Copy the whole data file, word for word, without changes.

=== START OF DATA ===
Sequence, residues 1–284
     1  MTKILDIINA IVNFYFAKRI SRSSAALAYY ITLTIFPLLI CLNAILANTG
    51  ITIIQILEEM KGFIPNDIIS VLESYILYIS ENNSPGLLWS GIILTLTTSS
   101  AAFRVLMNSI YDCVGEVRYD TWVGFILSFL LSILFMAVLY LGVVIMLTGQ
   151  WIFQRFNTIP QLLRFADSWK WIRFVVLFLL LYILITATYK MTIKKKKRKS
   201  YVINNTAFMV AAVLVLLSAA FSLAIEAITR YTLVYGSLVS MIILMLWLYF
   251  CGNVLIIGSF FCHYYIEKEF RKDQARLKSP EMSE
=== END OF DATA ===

Sequence, residues 1–284
     1  MTKILDIINA IVNFYFAKRI SRSSAALAYY ITLTIFPLLI CLNAILANTG
    51  ITIIQILEEM KGFIPNDIIS VLESYILYIS ENNSPGLLWS GIILTLTTSS
   101  AAFRVLMNSI YDCVGEVRYD TWVGFILSFL LSILFMAVLY LGVVIMLTGQ
   151  WIFQRFNTIP QLLRFADSWK WIRFVVLFLL LYILITATYK MTIKKKKRKS
   201  YVINNTAFMV AAVLVLLSAA FSLAIEAITR YTLVYGSLVS MIILMLWLYF
   251  CGNVLIIGSF FCHYYIEKEF RKDQARLKSP EMSE